What are you working on now?
I am finishing up WOLF EYE ALIBI, the second in my Wolf Eye Lighthouse Series.
 Here is the opening of Chapter One.

The wedding ceremony came to an abrupt halt when the bride and groom were arrested.

Just before the “I do’s,” two deputies marched up to the gazebo and pulled out handcuffs. Wedding guests burst into shouts that resembled spectators at a sporting event. Exclamations of surprise and protest mingled with laughter and glee. Some guests threw hats into the air and cheered.

My jaw dropped. Weddings aren’t like this where I come from.

Cameras popped like fireworks on the Fourth of July. The crowd abandoned the white lawn chairs and surged across Lord Estate toward center stage, trampling elegant gardens as they clamored to witness justice in action. Pushing and shoving gave way to cussing and swearing, and someone grabbed a handful of the ten tier wedding cake standing in magnificent splendor under a catering tent and smashed it into someone’s face. The recipient of the cake snatched a punch bowl and tossed it into the air over the crowd. I held my breath and watched the red contents in the crystal bowl spin round and round, suspended for a long second, before raining down over the wedding guests. Think wet t-shirt contest meets Jell-o wrestling.

It was an all out food fight after that, and every guest seemed eager to participate. Townsfolk gave new meaning to the term tossed salad. Little old ladies dumped condiments into the laps of their spouses. The suspendered little old men heaved finger sandwiches toward the ladies in response to their gifts of mayonnaise and mustard.

White uniformed household staff stood in shocked disbelief as a banquet table full of covered chafing dishes was overturned. Shrimp Scampi and Lobster Thermidor became flying projectiles. A gray haired woman wearing a chef’s hat wailed upon the shoulder of an elderly butler. The white gloved gentleman tried to comfort the cook until a lobster tail smacked him in the face and knocked off his glasses.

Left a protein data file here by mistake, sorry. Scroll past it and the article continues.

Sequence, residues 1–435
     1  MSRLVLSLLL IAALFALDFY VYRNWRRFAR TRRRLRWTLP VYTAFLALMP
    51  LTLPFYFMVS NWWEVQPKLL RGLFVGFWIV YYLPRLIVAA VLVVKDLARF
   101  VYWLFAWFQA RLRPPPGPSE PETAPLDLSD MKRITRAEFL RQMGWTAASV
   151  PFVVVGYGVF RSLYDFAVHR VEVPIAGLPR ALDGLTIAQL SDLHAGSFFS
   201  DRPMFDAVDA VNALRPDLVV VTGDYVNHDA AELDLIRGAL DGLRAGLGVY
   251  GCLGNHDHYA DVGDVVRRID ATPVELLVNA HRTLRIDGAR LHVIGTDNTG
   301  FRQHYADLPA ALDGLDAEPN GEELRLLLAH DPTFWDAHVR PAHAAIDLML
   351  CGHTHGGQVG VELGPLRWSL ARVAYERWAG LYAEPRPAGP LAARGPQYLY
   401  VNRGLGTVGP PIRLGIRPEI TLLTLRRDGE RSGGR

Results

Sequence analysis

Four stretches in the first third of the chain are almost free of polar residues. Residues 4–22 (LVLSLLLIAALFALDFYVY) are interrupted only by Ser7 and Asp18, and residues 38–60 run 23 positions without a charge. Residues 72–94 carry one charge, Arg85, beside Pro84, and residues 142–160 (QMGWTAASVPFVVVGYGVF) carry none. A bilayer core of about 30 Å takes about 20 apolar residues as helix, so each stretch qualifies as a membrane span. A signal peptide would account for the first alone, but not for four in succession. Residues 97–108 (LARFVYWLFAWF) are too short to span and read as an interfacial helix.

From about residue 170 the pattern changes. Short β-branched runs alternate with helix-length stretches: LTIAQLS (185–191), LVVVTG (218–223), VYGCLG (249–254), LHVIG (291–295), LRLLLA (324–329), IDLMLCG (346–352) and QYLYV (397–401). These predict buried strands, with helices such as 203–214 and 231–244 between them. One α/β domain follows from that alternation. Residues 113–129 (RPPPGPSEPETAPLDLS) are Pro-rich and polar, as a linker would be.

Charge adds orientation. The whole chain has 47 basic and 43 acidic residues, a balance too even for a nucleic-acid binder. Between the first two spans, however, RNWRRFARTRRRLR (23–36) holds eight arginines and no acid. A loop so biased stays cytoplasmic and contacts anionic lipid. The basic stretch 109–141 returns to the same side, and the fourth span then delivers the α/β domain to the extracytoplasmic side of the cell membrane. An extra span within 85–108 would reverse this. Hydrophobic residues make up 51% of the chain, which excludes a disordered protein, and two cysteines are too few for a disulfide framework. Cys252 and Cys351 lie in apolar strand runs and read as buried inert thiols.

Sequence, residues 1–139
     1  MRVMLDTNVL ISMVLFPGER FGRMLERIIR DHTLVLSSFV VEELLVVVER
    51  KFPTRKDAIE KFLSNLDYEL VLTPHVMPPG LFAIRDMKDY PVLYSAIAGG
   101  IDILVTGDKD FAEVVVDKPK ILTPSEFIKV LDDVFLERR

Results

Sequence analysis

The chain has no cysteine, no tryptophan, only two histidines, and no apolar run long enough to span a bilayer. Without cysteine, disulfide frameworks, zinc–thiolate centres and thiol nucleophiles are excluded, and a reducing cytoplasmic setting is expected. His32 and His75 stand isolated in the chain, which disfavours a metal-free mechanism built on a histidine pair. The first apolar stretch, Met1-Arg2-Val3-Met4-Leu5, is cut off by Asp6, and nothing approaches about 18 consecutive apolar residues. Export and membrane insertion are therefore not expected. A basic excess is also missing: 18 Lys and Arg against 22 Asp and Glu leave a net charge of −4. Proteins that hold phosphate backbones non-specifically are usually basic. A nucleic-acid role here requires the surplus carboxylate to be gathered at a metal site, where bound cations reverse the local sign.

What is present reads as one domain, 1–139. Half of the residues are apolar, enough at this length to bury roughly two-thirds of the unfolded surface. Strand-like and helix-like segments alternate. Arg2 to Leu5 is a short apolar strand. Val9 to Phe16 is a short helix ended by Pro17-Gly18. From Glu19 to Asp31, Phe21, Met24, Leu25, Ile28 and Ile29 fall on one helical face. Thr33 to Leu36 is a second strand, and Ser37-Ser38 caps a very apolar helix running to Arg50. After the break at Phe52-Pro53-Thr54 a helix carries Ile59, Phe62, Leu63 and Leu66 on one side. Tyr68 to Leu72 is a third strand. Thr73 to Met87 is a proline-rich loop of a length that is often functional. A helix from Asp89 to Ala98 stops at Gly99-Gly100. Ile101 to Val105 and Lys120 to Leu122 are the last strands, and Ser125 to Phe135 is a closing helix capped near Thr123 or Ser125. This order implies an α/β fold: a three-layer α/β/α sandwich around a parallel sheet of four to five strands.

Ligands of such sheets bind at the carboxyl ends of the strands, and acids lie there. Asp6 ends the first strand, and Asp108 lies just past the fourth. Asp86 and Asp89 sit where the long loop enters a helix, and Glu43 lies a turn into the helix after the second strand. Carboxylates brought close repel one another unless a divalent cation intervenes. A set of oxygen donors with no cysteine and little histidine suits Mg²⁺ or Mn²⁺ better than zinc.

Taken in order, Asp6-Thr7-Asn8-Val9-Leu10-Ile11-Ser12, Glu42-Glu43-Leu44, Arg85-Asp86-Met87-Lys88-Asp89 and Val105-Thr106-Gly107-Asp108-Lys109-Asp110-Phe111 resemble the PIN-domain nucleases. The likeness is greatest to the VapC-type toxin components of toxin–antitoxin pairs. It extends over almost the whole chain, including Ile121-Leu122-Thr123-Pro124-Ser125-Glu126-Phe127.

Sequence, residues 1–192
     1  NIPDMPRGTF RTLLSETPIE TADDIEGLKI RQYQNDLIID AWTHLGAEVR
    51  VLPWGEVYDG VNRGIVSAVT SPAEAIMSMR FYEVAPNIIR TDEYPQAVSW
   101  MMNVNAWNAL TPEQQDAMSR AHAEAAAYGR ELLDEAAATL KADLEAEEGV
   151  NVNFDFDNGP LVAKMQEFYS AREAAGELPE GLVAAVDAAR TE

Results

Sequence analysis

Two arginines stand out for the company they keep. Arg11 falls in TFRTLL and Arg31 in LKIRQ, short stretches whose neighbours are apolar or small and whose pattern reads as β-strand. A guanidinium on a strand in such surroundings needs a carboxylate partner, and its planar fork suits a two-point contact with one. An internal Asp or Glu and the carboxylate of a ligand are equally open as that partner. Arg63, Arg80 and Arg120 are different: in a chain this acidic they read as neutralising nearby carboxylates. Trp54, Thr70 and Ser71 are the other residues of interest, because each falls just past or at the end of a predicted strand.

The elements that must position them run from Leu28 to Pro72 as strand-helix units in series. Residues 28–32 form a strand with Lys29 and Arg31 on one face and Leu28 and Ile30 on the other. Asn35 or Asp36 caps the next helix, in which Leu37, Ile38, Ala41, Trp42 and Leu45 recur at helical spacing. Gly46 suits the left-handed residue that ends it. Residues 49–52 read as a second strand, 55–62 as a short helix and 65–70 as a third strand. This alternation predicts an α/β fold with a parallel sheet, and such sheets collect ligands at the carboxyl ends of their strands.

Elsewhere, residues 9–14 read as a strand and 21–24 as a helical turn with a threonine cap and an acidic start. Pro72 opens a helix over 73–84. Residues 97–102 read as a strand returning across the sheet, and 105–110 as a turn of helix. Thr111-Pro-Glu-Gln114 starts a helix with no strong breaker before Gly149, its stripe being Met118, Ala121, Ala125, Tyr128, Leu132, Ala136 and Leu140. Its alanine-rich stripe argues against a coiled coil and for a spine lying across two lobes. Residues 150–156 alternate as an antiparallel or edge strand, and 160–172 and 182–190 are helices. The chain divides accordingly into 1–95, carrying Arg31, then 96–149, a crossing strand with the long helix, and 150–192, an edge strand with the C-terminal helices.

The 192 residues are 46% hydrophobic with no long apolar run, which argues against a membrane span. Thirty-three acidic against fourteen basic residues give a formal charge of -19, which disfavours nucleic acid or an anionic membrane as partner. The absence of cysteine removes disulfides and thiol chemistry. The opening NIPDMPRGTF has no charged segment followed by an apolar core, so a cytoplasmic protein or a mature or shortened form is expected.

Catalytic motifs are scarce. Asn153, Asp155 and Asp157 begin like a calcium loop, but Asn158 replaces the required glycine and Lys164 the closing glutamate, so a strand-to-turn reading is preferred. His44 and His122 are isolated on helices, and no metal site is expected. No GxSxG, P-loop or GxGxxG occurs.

A mustached man wearing snakeskin cowboy boots laughed with particular satisfaction until something hit him in the chest. He looked down to discover he’d caught the bridal bouquet.

All this was happening and more, but I wasn’t paying much attention for I was sputtering with outrage as my best friend was handcuffed and charged like she was one of America’s Most Wanted.

“Anne Matthews, you are under arrest for the murder of Francine Stouffer,” one of the deputies spat at the bride. He proceeded to read her rights.

Annie only had time to gasp before the next blow came.

“James Lord, you are under arrest for the murder of Francine Stouffer,” the second deputy charged as he jerked the groom’s arms behind his back and locked cuffs with enthusiasm.

From my stand point beside the bride I had an unobstructed view of Jamie’s gaze locked upon Annie’s face. Shock, denial, and outrage were all communicated in that glance.

The deputies pulled the bride and groom apart with unnecessary force. The minister clutched his Bible to his chest and jumped back out of the way. I remained rooted to the spot.

“I love you Jamie,” Annie cried.

“I love you Annie,” Jamie called after her. “Say I do! Say I do!”

“No you don’t,” the first deputy said. He gripped Annie’s forehead and forcibly turned her face away. Her bridal veil tore and her auburn hair slipped from the pins of her elegant quaff. The representative of the law jerked the bride down the gazebo steps. The train of her exquisite Vera Wang wedding dress trailed limply behind.

“I do, Jamie! I do!” Annie sobbed.

“It doesn’t count unless I pronounce you man and wife,” the minister muttered. “Under the circumstances I don’t think it would be appropriate…”

Jamie’s face contorted in fury. “Get your hands off her!” he shouted at the departing deputy.

“Come along peacefully,” the deputy beside Jamie said. “It’ll look better for you if you cooperate.”

Jamie bellowed with rage and took a step toward Annie. He dropped to his knees when Taser rays struck his back. I flinched, feeling his pain.